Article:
Jose Hernandez Diaz
Jose Hernandez Diaz
Jose Hernandez Diaz was born in Anaheim, CA. He is a 2017 NEA Poetry Fellow. He studied English and Creative Writing at Cerritos Community College, the University of California at Berkeley, and Antioch University, Los Angeles. He is the author of The Fire Eater (Texas Review Press, 2020) and the forthcoming, Bad Mexican, Bad American (Acre Books, 2024). His work appears in The American Poetry Review, Colorado Review, Huizache, Poetry, The Southern Review, Yale Review, and in The Best American Nonrequired Reading. He teaches generative workshops for The Writer’s Center in D.C., Beyond Baroque, Hugo House, Litro Magazine, the Adirondack Center for Writing, Lighthouse Writers Workshops, and other places.
What excites you about writing? How has it affected your life?
Writing is close to being like a religion to me but without the dogmatic element. Writing has given me hope, purpose and meaning in life. As someone who grew up as a first-gen, low-income Mexican American in southern California, I’ve had to work for everything I acquired. Writing poetry has given me voice to celebrate my culture, speak out against injustices, and explore surreal and absurdist territory in the form of prose poetry. I have been the C student, the community college student, the isolated Brown student at a prestigious university, as well as a fellow with the National Endowment for the Arts. Writing has gifted me with the opportunities to work with a diverse range of folks. My experiences with art and poetry have shown me that success in poetry requires balanced attention to: art, community and craft.
What mindset does a writer need to continue to grow and learn?
It is important to know your favorite styles, voices, and aesthetics, but not be completely closed off to new experiences, readings, and approaches. For example, when I began writing poetry I was primarily writing socially-conscious, identity-based poetry. I was not interested in reading outside of this aesthetic interest. Then, one day, I discovered a book of prose poetry by James Tate at the public library, his selected works, which had a surreal portrait on the cover. I was drawn to the cover and soon discovered prose poetry. Since then, I have been one of the leading voices in American prose poetry having published prose poems in The Yale Review, American Poetry Review, Poetry Magazine, The Southern Review, and elsewhere.
What makes a good writing mentor?
A good writing mentor must listen, inspire, and offer constructive critique and/or praise. I will read your work with an open mind to your unique voice and diverse experiences. Further, I plan to show writers practical insights into the revision, submissions, and publication processes. I have been publishing in the best magazines in the world for over a decade and I know what it takes to write stand out work. Most of the poets I work with remain my friends and colleagues long after any class or workshop is over.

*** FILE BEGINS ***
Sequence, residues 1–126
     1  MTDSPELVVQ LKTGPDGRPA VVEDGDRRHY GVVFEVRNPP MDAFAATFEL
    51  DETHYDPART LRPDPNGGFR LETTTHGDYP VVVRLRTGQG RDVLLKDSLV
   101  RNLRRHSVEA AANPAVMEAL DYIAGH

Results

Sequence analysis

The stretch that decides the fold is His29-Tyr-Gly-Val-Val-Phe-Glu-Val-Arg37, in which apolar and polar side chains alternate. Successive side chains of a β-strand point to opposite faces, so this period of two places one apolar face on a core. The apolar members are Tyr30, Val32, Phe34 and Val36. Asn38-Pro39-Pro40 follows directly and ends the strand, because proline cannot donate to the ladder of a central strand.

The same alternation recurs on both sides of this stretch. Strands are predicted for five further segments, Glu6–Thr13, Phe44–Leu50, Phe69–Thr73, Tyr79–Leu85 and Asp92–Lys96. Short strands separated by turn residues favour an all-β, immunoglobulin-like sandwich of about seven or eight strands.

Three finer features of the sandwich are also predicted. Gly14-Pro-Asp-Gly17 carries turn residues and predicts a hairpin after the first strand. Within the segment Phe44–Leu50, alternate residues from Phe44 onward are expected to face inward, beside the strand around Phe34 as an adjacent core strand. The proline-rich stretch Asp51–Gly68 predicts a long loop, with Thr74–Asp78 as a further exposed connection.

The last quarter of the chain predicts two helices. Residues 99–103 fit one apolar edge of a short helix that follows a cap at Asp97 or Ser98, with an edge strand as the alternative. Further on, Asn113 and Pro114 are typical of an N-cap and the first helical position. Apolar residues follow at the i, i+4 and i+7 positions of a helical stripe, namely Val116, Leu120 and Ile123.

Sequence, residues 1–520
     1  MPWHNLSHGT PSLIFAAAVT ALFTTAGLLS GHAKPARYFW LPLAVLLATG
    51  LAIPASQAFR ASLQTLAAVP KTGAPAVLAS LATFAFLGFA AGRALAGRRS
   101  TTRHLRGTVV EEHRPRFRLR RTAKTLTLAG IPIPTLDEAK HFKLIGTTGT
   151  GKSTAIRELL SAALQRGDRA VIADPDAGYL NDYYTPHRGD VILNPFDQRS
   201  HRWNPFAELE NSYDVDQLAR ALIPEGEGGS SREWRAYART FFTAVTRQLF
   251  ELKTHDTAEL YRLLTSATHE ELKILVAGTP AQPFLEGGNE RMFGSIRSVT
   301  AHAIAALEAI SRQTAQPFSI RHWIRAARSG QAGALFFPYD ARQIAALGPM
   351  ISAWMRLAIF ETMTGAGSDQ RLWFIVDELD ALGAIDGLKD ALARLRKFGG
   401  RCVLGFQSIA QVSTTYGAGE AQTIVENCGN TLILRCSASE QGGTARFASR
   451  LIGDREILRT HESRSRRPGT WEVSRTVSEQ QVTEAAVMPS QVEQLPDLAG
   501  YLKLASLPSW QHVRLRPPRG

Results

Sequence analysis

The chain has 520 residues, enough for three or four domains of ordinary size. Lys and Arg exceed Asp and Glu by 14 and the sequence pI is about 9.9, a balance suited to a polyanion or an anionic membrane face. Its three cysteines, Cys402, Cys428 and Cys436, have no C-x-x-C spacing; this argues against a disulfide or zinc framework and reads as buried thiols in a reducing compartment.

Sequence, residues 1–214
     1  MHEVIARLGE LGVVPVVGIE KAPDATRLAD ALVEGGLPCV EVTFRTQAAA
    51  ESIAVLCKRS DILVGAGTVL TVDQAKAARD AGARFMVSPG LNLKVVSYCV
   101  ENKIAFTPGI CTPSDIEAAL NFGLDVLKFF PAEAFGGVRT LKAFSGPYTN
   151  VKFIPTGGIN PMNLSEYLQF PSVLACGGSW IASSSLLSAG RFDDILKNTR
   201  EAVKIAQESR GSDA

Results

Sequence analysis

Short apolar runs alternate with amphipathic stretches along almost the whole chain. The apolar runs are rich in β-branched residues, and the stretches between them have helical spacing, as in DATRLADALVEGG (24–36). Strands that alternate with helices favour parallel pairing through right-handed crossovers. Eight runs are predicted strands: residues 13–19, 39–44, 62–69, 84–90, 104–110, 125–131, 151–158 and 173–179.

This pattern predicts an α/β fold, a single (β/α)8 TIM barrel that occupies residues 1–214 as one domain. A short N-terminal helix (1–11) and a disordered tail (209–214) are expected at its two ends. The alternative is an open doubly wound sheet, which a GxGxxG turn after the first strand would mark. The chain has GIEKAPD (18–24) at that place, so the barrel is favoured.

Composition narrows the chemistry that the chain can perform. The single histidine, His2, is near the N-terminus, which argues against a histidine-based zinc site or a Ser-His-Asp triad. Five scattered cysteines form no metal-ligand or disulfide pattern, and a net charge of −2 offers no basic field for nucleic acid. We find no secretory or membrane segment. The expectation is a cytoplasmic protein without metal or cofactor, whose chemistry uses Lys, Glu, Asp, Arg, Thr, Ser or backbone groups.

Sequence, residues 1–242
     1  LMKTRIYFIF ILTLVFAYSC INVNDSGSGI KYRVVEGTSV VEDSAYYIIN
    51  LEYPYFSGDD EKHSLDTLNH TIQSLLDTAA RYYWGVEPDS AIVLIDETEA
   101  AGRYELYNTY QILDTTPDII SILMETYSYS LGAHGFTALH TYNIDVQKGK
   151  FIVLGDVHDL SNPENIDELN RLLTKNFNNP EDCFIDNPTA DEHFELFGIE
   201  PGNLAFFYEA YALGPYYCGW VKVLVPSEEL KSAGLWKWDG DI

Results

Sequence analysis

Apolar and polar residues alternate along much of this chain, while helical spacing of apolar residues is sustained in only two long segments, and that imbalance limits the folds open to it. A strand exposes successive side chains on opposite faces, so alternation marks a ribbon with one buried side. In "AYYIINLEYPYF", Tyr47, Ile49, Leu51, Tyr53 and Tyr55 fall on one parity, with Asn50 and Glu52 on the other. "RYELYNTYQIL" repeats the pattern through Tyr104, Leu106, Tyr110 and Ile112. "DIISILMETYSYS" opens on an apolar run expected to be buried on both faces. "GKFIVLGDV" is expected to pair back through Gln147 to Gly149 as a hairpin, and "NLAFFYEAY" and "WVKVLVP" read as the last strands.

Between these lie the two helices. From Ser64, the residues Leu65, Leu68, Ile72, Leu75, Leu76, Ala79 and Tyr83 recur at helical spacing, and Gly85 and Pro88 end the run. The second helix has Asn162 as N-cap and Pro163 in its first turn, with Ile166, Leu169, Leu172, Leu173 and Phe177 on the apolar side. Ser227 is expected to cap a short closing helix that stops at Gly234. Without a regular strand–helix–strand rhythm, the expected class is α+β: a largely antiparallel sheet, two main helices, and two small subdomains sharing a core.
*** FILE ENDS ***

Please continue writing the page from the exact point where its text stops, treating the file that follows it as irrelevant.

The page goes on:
What is your style of feedback?
For feedback I tend to focus on line break, form, voice, aesthetic choices, titles, where to submit, and other areas as necessary. I have been told my style is positive, optimistic, and forward looking: there is always time for improvement and I have experience publishing in over 200 literary magazines and know the styles and aesthetics of diverse journals. Also, I am not afraid to tell you if a poem is done or close to done and guide you toward submissions strategies and hopefully publication.
I can’t tell you how many times students have messaged me to tell me they have been published as a result of my editing, prompts, suggestions where to submit, etc. I have even been published in the same issues with students from my workshops in celebrated journals on various occasions.
If you are into prose poetry, Latinx poetry, or socially-conscious poetry, or line break and form, I have plenty of experience with these elements, aesthetics and forms. Growing up first-gen, low-income I had to work hard and stay positive as I progressed through life. I try to maintain a similar attitude with writing, teaching, and editing. Problems can be worked through and ultimately satisfaction and or publication can be reached.
If you are into prompts or even if you’re not, I have plenty of experience facilitating generative workshops. My prompts range from topics like Latinx experience to surreal prompts. I have had many students tell me they created various new poems with my prompts and countless others have written work from my prompts which was later published.
I know how it is to deal with rejections. I have been rejected by plenty of magazines along the way. I have also overcome and been published in some of the leading magazines in the world. I try to encourage poets to think of the big picture, winding road, persevering to success, happiness, and fulfillment with poetry, craft, and profession. I also have a large social media network and am happy to share submissions opportunities with fellow writers as we build long-lasting friendships and healthy communities.